It’s Foundational (Humility)

“Do nothing out of selfish ambition or vain conceit. Rather, in humility value others above yourselves, not looking to your own interests but each of you to the interests of the others.” Philippians 2:3

Humility has not always been a cultural value, it is often misunderstood and therefore not high on the attribute list for leaders, but as a Christian, it is foundational.

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John Dickson in Humilitas, writes, “Humility is the noble choice to forgo your status, deploy your resources, or use your influence for the good of others before yourself… a willingness to hold power in service of others.” The Western world’s value of humility came from the impact on Europe of the Judeo-Christian worldview. Dickson states, “what established humility as a virtue in Western culture was not Jesus’ persona exactly, or even his teaching, but rather his execution-or more correctly, his followers’ attempts to come to grip with his execution.”

Crucifixion was the most brutal and shameful form of capital punishment, and was most often used on political rebels and slaves. The followers of Jesus, shaped by their cultural mores, saw their friend, Rabbi, and Lord murdered in the most shameful and horrific public demonstration of power. Honour was given to those well deserving, and shame proved your worthlessness. How did the disciples reconcile this violent incongruence? It was the transformation of their minds by the Spirit, an un-learning of societal mores, and forging a counter-cultural ethos for the believers. They had to re-think their cultural honour-shame paradigm.

Common sense gave the disciples two alternatives:

  1. Jesus was not as wonderful as they thought because being crucified publicly, communicated and defined him as a scoundrel, political infidel and insignificant.

OR

2. Their definition of greatness had to be re-defined. Crucifixion was not evidence of humiliation, but in fact, greatness was conveyed in humility, the noble choice to lower oneself for the sake of others.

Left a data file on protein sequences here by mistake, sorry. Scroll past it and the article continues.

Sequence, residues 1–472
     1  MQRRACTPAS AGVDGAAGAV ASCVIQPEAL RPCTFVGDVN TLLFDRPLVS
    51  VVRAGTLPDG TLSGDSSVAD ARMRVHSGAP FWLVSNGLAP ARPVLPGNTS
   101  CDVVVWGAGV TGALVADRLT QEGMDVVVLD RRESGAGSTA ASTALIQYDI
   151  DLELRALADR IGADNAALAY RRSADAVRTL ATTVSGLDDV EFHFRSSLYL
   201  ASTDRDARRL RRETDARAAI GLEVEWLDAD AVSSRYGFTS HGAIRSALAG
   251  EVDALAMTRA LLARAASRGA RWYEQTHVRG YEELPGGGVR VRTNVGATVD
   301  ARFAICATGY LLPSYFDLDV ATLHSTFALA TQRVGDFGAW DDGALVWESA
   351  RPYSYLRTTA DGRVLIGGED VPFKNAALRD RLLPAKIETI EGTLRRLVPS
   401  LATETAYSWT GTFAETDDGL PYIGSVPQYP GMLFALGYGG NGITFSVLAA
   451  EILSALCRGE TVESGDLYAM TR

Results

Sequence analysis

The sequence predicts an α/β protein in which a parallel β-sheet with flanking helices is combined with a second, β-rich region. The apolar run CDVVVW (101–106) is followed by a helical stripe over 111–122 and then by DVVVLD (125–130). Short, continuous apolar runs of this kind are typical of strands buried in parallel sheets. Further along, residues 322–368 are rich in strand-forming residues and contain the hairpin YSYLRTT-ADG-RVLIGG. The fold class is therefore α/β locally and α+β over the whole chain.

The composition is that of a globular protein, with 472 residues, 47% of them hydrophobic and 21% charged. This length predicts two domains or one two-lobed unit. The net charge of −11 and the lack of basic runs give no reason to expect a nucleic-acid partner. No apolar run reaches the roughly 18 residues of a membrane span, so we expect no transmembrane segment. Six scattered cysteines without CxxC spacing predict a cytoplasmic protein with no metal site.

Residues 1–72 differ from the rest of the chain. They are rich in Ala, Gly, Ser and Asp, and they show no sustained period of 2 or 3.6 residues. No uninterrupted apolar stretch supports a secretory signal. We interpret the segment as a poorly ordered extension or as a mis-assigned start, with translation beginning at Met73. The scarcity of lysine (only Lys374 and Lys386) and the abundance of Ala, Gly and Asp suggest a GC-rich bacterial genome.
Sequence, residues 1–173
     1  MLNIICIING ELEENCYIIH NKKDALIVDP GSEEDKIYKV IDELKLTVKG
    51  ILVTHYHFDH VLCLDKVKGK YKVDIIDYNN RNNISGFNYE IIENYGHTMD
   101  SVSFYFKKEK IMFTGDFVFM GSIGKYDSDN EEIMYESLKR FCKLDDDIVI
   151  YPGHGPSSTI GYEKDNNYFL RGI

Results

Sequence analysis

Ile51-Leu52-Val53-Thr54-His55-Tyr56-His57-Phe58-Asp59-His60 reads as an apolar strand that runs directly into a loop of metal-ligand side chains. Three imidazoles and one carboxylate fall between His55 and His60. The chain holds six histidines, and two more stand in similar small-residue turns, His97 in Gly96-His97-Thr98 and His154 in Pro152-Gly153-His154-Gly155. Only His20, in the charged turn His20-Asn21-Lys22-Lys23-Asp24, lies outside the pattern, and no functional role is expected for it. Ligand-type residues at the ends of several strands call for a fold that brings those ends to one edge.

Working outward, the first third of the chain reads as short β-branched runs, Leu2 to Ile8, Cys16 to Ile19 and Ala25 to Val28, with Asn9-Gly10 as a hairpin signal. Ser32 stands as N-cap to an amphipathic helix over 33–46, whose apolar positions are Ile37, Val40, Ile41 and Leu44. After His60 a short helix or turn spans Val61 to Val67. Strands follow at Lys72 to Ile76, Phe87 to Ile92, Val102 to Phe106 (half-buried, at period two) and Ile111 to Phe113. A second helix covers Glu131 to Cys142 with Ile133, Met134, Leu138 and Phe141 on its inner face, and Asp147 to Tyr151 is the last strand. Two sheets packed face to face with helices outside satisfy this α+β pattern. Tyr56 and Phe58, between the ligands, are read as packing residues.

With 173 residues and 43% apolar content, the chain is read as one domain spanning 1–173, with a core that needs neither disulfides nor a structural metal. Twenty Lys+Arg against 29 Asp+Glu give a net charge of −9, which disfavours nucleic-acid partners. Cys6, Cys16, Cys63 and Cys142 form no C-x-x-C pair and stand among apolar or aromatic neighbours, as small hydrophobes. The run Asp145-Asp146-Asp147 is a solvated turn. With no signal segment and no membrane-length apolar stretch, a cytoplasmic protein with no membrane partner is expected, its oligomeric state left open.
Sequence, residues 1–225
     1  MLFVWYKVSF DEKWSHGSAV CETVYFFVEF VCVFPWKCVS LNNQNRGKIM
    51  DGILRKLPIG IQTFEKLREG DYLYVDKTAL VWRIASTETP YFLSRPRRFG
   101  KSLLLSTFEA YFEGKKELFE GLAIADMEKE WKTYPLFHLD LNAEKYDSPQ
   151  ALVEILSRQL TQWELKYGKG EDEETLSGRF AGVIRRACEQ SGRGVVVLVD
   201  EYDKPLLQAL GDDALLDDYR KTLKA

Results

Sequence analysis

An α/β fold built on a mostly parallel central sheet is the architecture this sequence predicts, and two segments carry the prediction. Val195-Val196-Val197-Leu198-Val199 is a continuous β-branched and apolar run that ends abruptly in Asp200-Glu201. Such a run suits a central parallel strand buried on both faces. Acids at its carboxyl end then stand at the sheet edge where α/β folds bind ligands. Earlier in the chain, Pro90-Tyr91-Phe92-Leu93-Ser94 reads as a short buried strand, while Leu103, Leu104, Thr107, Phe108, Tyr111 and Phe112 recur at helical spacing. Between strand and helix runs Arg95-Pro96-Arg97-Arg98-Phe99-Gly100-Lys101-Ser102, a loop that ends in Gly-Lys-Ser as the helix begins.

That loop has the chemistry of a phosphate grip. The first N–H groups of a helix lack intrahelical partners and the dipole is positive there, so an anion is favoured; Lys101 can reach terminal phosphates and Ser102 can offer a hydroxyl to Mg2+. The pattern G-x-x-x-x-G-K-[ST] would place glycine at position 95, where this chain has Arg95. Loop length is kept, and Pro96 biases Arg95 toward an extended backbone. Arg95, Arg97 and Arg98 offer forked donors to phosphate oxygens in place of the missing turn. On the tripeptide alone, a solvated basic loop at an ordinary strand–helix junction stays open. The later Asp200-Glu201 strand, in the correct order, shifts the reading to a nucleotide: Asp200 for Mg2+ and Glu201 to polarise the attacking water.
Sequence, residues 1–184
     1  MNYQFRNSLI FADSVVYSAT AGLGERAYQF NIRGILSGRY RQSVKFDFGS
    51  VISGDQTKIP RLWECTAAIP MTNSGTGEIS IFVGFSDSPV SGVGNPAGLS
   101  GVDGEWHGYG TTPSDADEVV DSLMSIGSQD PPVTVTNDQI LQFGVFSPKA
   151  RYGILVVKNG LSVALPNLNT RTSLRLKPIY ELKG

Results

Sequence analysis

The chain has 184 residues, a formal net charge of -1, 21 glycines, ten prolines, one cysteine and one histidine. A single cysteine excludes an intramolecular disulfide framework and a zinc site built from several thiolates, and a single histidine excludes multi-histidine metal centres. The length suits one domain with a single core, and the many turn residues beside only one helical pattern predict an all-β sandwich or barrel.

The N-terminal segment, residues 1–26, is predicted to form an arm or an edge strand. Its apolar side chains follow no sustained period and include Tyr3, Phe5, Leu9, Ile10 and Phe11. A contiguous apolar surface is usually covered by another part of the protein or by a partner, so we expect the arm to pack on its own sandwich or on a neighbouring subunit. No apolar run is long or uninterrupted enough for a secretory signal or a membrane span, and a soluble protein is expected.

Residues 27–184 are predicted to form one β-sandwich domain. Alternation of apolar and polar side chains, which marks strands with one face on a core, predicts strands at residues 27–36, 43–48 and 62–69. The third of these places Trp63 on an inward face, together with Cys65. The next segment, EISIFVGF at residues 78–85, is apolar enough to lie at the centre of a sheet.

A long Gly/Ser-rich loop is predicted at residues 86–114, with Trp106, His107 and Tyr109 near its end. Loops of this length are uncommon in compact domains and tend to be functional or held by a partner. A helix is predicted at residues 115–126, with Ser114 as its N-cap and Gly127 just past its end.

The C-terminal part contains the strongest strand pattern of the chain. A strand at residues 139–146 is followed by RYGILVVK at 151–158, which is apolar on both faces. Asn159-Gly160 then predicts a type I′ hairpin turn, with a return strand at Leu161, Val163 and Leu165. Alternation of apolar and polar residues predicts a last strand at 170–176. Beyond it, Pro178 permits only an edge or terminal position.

Tim Keller writes“ The heart of the gospel is the cross, and the cross is all about giving up the power, pouring out resources and serving.”

The Gospel message of the cross is rooted in Jesus’ humility. He was willing to lower himself, to be shamed and crucified so that you and I may be lifted up. We can stand against the tide of our culture today, embracing our brokenness and vulnerability to bring glory to God as strong leaders.

The journey of becoming a humble leader begins when we are able to put our own best interests aside. Jesus is the ultimate example of humble, sacrificial leadership, so why shouldn’t we try our best to lead like He did? Jesus knew what His mission on earth was- He was here to save. If there has ever been anyone on this earth that would have the right to lack humility, it would be Jesus. He literally saved humanity, and yet He allowed himself to be killed in the most shameful way possible. His greatness did not need a crown, servants, or an earthly throne. Jesus displayed his greatness through humility, leaving us with the greatest narrative of humble leadership.

By Sandy Shier

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Intentional about life and people, Sandy’s rhythm of life travels between two worlds of mainstream society and the street level community. As part of the lead team of Metro Community Church, giving oversight to Metro Central, the weekday drop in, she is as easily comfortable sitting on a curb with someone in active addiction or in a boardroom, meeting with business people. Sharing the Sunday teaching responsibility, Sandy comes alive sharing the Gospel in an otherwise chaotic and deeply misunderstood world of the marginalized segment of society. She is also pursing her doctorate at Fuller Seminary. Married to Randy, they have three grown children; Luke, Rachael, her husband Johnny, and Hannah, who is married to Chad. Sandy and Randy also have two grandsons, Santiago and Solomon.

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